The industry has been abuzz with talk about succession planning for a couple of decades, to little effect. In fact, recent data from SEI shows that fewer than 20 percent of advisors have a documented succession plan. Fiduciary responsibility aside, many advisors simply seem to have decided to die with their boots on.
Meanwhile, the hype over purchasing a practice—any practice—has subsided somewhat as prospective buyers become more sophisticated and selective. And, with the average advisor now around 55 years old, many are more interested in securing a future home for their existing clients, even if the transition won’t happen in the foreseeable future.
What does this mean for the tenured advisor who hasn’t yet inked a succession agreement but is still considering it? Is it too late to find a buyer?
Let’s consider a typical scenario
Advisor A began hearing about succession planning around 2000, when he was 62. At the time, his book consisted of 200 households, with average assets of $500,000 per household. The client age range was 50 to 85, with an average age of 65.
Fast-forward 15 years . . .
Now 77, Advisor A remains a solo practitioner. His clients are 80 years old on average, and a third of his book has either passed away or left the firm. Much of the attrition was among younger clients seeking an advisor who would outlast them. Except for a handful of clients, almost all have been in distribution mode for years. Advisor A hasn’t taken on a new client in 15 years and now has 120 households, with assets of $150,000 on average.
At this point, as his clients disappear with increasing frequency, it’s late in the game for Advisor A to start thinking about succession. He could possibly sell a handful of “younger” clients who are asset-rich. Or perhaps he could sell his entire book—but at a much lower rate than it once would have commanded.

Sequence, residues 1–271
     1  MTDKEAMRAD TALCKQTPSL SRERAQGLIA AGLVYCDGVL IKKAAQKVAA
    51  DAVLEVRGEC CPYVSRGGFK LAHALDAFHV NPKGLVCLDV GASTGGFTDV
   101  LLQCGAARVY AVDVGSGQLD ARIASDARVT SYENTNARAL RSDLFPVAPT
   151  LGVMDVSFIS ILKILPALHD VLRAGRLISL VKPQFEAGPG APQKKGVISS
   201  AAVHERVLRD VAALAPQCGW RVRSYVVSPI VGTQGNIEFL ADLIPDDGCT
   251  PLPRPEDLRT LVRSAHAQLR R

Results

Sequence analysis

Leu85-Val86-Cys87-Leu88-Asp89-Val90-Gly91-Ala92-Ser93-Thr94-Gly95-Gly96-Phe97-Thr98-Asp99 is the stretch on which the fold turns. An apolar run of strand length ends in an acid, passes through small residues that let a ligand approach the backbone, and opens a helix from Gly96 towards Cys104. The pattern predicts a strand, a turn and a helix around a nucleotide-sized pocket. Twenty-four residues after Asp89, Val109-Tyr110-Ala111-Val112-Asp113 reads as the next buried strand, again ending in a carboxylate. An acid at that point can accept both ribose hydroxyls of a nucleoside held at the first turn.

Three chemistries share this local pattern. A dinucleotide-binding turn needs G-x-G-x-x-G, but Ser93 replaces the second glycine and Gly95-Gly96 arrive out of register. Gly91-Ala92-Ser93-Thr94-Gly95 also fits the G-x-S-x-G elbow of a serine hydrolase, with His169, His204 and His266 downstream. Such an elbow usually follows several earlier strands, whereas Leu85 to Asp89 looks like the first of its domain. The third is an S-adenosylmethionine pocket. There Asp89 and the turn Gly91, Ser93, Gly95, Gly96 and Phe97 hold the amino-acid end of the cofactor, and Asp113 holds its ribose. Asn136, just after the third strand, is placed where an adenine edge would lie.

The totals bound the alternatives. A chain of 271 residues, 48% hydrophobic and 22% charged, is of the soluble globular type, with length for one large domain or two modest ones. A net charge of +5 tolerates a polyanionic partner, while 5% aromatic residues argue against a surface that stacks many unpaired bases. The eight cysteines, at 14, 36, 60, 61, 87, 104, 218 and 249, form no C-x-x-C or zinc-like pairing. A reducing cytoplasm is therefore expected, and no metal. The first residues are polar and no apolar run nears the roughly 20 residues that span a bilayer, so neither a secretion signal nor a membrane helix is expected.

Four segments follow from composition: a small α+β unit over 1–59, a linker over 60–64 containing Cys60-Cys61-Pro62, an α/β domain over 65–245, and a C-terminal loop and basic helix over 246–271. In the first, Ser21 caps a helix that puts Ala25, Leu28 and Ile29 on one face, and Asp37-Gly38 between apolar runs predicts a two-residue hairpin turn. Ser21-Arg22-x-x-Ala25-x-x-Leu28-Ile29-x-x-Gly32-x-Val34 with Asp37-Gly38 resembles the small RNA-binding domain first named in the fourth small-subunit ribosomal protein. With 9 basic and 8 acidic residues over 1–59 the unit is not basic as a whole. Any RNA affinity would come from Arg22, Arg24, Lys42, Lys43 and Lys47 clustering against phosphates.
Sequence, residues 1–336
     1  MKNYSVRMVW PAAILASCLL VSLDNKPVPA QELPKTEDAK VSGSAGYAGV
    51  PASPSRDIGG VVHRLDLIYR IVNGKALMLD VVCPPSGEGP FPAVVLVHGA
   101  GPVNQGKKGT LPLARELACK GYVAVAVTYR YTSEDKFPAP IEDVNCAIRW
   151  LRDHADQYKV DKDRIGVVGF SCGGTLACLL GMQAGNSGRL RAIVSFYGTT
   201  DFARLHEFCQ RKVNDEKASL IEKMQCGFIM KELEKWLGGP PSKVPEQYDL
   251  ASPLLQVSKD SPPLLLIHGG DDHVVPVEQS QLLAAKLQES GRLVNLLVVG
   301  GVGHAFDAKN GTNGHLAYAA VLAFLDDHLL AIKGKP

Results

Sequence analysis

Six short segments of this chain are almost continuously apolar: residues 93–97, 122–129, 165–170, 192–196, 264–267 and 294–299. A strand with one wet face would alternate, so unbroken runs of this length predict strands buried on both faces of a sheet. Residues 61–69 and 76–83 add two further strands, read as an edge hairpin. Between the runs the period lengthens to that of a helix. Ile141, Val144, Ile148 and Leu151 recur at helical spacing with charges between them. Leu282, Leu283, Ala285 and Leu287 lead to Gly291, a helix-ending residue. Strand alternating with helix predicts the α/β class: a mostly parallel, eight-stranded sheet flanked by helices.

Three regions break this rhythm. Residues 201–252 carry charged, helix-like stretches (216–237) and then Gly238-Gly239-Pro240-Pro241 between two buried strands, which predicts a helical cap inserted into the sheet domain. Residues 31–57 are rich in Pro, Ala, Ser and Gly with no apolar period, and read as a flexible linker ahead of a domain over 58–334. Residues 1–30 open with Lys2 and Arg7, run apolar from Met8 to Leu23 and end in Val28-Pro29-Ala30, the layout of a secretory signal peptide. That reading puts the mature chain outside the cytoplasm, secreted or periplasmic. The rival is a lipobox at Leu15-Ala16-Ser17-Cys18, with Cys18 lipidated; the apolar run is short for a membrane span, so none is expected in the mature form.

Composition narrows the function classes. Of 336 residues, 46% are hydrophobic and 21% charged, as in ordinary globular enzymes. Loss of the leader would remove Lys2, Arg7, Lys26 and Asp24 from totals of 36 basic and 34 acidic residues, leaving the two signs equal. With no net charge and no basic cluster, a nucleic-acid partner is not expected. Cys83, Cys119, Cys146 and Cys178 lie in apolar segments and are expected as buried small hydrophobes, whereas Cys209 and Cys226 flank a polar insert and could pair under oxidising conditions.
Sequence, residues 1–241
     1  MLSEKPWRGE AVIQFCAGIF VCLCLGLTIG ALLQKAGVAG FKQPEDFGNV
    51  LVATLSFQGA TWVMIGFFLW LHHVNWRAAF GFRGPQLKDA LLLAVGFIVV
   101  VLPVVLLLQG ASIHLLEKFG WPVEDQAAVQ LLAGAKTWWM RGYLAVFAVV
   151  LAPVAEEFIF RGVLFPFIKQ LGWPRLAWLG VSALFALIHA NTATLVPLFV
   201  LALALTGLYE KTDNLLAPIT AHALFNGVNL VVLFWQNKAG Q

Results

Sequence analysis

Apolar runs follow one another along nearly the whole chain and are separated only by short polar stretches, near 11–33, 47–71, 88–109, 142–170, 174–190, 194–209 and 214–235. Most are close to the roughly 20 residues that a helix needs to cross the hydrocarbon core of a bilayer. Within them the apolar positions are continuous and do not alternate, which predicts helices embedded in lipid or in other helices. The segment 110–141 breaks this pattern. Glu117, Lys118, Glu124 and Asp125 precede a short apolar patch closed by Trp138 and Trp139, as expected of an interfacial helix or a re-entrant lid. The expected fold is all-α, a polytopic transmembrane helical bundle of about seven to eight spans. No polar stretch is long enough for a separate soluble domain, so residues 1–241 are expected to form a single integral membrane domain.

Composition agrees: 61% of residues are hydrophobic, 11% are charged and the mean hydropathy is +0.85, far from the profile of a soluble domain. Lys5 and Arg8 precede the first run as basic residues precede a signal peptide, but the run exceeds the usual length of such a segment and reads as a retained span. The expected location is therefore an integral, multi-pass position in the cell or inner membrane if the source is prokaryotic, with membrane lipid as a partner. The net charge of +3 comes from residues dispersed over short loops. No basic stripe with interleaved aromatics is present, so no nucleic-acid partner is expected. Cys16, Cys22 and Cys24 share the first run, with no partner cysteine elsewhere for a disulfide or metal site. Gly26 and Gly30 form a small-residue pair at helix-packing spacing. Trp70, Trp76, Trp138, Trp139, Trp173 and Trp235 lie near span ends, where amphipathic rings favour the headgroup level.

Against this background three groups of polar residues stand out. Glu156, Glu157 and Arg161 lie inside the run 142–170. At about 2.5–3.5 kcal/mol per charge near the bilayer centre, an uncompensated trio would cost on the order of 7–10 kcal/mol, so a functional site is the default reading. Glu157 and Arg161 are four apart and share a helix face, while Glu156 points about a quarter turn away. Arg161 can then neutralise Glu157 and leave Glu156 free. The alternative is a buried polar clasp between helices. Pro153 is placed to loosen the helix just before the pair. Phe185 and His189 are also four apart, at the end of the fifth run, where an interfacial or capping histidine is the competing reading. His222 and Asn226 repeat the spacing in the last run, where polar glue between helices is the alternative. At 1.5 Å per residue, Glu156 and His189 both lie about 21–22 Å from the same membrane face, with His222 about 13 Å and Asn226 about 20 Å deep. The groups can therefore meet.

How marketable is your book?
This scenario highlights several key factors that affect how attractive a practice will be to potential buyers:
- Client age. The closer clients are to actuarial longevity limits, the less the practice is worth (unless the firm also serves the heirs). Beyond average client age information, buyers are looking for specific supporting data, such as age deciles that correlate to assets held.
- Number of clients and average assets. The smaller the average assets per household (especially in relation to client age), the less the practice is worth.
- Ongoing organic growth. The ability to take on new clients is a litmus test for a practice’s marketability. The older the advisor, the less likely he or she is to bring on new clients, and the less the book is worth. Multigenerational practices that can tap younger clients will excel as the evolution from solo firms to multiadvisor offices continues. In order to attract junior advisors who can help them land new clients, tenured advisors will need to invest in developing structured career development plans—and be willing to formally document internal succession agreements.
What if your opportunity has passed?
Unfortunately, for the tenured advisor whose practice is shrinking and who has done nothing about succession planning, the window to secure a buyer may have closed. If you find yourself in this position, the best course may be to talk candidly with your clients about the future, addressing when, where, and how they should move their assets when you’re no longer able to serve them.
Joni Youngwirth is managing principal, practice management, at Commonwealth Financial Network®, member FINRA/SIPC, an independent broker/dealer–RIA.